While there are consequences to the clinician for any settlement, these can be mitigated. One of the most common misconceptions is that a settlement is somehow an admission of fault by the clinician. It is not. Any settlement agreement, which is signed by all parties, dictates the terms of the settlement and should include clear language that the settlement was to buy peace, avoid the uncertainty of litigation, and that the clinician involved expressly denies any wrongdoing.  Another common concern is that the settlement amount or facts of the case will be publicized. Due to the internet, the ability of patients to reach a mass audience with their personal, often inflammatory, versions of events has dramatically increased. For this reason, a tailored confidentiality clause in the settlement agreement can provide harsh legal consequences to a plaintiff who attempts to disclose the amount of settlement or publicize facts of the case.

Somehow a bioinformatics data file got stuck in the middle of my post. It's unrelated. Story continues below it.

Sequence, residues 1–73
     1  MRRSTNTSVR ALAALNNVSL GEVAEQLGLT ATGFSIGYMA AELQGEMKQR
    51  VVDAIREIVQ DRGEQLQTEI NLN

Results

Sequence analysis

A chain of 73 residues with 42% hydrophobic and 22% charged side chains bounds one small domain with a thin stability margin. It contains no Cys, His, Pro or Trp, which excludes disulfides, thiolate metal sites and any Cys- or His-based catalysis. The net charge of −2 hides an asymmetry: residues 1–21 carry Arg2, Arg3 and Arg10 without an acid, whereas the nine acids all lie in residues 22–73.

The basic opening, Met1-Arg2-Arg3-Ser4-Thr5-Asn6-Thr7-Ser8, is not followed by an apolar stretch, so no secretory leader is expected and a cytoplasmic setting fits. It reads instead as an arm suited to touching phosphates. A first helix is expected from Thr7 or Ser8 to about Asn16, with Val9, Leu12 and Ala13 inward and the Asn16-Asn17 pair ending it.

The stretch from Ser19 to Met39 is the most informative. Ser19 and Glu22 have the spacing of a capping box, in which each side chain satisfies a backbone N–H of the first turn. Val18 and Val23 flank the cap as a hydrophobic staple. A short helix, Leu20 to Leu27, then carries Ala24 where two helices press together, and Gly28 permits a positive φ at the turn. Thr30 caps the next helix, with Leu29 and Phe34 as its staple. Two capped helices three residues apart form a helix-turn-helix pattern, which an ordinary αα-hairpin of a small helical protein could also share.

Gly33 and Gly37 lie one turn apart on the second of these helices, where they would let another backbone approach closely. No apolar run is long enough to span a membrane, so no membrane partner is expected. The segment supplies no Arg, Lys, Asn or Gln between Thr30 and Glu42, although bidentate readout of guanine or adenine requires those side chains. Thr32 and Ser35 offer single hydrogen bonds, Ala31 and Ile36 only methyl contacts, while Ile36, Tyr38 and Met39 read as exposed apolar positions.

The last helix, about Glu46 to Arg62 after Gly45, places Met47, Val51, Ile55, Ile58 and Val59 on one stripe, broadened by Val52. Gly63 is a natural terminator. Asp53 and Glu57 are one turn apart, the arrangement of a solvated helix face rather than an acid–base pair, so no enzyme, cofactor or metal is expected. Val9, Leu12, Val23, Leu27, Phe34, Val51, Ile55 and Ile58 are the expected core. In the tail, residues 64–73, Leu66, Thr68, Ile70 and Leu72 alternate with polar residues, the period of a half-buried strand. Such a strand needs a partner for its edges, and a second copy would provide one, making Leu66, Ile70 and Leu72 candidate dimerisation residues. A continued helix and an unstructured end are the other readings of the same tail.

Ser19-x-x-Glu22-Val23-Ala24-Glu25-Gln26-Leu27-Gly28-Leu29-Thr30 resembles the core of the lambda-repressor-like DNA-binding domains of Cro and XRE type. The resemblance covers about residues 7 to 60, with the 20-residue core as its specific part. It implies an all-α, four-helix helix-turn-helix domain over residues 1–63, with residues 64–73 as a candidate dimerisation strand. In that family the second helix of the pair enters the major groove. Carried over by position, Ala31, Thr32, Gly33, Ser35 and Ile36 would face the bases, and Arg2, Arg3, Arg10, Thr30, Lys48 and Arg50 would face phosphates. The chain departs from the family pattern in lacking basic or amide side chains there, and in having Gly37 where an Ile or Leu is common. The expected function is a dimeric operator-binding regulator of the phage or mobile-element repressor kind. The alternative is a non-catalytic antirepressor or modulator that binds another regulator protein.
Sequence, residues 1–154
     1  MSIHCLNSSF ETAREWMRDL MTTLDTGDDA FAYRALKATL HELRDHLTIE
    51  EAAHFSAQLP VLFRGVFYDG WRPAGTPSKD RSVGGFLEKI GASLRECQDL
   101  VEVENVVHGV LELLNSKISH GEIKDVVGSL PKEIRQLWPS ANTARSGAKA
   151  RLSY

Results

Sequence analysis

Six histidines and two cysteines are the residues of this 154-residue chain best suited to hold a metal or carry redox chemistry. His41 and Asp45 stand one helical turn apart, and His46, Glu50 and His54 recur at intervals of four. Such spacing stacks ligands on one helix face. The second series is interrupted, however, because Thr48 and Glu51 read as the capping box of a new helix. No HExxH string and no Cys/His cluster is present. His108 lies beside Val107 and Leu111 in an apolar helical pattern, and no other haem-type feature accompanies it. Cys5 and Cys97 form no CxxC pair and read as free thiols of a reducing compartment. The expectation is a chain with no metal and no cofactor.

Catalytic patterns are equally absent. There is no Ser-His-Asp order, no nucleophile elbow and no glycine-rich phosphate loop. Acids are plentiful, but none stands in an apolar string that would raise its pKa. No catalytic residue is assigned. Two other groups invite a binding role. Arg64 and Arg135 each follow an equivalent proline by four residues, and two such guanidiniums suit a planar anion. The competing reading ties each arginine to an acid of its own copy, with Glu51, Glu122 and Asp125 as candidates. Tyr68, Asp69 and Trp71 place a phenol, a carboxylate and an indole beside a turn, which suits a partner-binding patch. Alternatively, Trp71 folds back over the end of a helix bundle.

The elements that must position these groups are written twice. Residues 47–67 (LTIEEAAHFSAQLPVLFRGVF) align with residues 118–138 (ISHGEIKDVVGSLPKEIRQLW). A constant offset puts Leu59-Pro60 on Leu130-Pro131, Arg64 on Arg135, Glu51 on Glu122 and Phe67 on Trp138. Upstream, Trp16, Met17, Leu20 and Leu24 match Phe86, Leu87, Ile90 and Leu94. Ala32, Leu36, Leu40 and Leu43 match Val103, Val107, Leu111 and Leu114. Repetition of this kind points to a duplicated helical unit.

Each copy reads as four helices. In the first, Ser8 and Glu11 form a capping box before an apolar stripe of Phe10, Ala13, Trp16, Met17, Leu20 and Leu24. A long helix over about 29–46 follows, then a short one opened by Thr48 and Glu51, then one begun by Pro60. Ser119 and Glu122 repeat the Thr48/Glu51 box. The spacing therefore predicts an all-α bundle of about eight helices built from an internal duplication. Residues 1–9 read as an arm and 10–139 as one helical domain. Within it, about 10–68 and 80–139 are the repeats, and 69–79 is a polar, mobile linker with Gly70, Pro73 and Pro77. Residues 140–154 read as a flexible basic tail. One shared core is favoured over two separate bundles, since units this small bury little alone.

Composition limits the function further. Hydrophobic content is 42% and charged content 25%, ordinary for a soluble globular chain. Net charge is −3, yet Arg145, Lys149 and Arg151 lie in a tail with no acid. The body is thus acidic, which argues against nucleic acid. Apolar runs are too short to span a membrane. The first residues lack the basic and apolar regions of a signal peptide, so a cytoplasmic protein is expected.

Decisions about the settlement of a medical malpractice action can be impaired by common misconceptions about the implications of settlement. A settlement is not an admission of fault, but rather should be a rational business decision. The decision process should be based upon an evaluation of the potential legal exposure, the damage model, and the amount of insurance coverage. Settlements have potential long-term implications, but they can be mitigated by the terms of the settlement agreement.

Don Stephens is an attorney who has a broad base of legal experience and who has represented hundreds of physicians and other healthcare providers across the state of Texas. He primarily focuses on defense of medical malpractice allegations, but also handles a variety of healthcare issues. He may be reached at

Don Stephens, Esq.